As the fourth industrial revolution continues, smart manufacturing technologies are coming out increasingly faster, providing benefits to manufacturing enterprises worldwide. They're becoming more powerful and more capable with each generation.
Not long ago, technologies such as artificial intelligence (AI), augmented reality/virtual reality (AR/VR), digital twins, digital threads, cloud and edge computing and the Industrial Internet of Things (IIoT) were the next generation of technology. But that generation is here, available and in use, solving problems and providing benefits.
As a long-time solutions consultant in the areas of digital transformation, Industry 4.0 and smart manufacturing, I’ve been working on smart manufacturing projects since before there was a name for them. During my career, I’ve seen many technologies come and go, but the following next-generation smart manufacturing technologies stand out as ones that every manufacturing company leader should pay attention to.
Additive manufacturing has been in use for close to a decade, primarily in the automotive and aerospace industries. Additive manufacturing creates products by adding layers of materials to build a part. Think of additive manufacturing as 3D printing on a very large scale.
The applications are virtually endless because additive manufacturing is extremely precise and reliable and now uses a much wider range of materials. Couple that with larger and more rugged equipment and you have a truly industrial-scale manufacturing process that can create almost any part quickly and cheaply.
Additive manufacturing is already expanding quickly throughout the automotive and aerospace industries and will soon be in many others, including electronics, medical devices and a significant number of discrete assembly industries. Not bad for a technology that started out a few years ago as 3D printing.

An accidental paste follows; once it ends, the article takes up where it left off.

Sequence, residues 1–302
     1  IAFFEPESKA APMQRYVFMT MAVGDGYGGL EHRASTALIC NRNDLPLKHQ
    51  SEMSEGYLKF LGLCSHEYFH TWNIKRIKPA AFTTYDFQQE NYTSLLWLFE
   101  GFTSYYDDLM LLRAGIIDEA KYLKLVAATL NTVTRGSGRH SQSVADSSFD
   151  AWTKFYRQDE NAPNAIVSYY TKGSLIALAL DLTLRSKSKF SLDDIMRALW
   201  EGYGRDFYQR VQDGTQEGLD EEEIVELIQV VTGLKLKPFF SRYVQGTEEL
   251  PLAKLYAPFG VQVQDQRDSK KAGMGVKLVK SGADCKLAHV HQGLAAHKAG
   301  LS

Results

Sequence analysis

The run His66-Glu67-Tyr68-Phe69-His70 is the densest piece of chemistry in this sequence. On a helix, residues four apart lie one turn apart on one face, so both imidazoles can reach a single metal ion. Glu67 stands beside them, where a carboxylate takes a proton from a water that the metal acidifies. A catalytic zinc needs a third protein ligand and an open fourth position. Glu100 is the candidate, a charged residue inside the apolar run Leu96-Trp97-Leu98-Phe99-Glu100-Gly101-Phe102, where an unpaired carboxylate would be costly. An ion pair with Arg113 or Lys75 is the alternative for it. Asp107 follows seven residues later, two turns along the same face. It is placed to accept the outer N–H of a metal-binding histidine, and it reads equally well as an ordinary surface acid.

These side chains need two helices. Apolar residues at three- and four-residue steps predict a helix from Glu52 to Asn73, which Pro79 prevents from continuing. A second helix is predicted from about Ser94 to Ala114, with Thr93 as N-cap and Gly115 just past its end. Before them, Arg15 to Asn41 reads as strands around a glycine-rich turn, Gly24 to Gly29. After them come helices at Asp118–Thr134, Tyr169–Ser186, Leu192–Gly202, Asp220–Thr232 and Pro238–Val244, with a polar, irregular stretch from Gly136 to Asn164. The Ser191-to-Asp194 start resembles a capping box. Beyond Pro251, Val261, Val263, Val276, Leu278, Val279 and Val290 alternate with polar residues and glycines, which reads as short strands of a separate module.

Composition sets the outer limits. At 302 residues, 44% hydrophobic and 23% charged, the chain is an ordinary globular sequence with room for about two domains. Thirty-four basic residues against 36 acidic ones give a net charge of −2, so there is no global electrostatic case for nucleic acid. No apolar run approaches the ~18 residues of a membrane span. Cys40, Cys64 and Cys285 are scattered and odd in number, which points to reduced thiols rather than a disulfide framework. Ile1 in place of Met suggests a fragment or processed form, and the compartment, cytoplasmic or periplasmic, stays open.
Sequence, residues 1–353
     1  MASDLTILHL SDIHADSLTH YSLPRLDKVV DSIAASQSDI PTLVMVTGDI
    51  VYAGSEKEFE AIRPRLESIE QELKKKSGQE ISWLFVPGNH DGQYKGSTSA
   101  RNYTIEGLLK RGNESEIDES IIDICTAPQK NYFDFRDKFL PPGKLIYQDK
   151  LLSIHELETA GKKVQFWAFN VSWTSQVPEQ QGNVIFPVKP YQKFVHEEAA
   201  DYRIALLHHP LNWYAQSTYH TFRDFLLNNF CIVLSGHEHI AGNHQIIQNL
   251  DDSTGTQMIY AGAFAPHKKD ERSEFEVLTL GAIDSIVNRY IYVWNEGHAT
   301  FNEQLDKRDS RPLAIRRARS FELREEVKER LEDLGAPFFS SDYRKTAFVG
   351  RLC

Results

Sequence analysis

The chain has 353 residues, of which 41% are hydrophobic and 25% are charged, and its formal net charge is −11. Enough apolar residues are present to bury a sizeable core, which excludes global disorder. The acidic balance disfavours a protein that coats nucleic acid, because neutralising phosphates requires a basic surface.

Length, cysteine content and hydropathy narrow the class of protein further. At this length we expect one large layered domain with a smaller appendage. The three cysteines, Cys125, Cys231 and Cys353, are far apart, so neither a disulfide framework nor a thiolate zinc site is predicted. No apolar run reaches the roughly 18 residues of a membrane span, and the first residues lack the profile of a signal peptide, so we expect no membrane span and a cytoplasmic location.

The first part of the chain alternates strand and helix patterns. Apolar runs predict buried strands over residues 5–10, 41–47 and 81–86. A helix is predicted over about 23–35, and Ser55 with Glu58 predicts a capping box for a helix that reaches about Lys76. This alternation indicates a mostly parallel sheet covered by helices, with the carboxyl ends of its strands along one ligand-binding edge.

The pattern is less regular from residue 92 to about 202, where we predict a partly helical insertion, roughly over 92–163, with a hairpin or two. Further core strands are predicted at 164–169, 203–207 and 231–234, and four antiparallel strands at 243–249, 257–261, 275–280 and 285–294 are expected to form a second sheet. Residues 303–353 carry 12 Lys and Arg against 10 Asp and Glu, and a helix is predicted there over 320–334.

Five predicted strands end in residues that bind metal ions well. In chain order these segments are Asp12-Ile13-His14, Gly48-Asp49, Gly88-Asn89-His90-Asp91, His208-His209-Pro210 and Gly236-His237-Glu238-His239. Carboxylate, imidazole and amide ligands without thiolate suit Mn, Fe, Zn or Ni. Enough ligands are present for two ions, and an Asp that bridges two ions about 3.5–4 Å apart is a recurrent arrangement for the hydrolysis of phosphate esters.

Robots have been around for a long time. They’re powerful and capable, performing repetitive tasks precisely and quickly. Classic examples are the painting and welding robots used in automotive manufacturing and the pick-and-place robots used in electronics manufacturing. In contrast, cobots, or collaborative robots, are designed to do non-repetitive tasks in collaboration with humans. The whole idea is that cobots work together with humans, responding to human commands and to the specific needs of the manufacturing tasks.
Cobots are moving out of the proof-of-concept phase and are poised to move into just about every manufacturing industry. Cobots can take all kinds of shapes and sizes, and each industry will adapt them for their own use. Cobots, actively working alongside humans in the manufacturing process, will be here faster than you think.
Analytics have been around for a long time. After all, what’s Microsoft Excel but a tool used to analyze data? But mostly they’ve taken the form of descriptive and diagnostic analytics that determine what happened and why.
Prescriptive analytics is different because it answers, “What should we do?” Prescriptive analytics analyze massive amounts of data but then uses AI algorithms to predict what’s going to happen and determine what to do about it.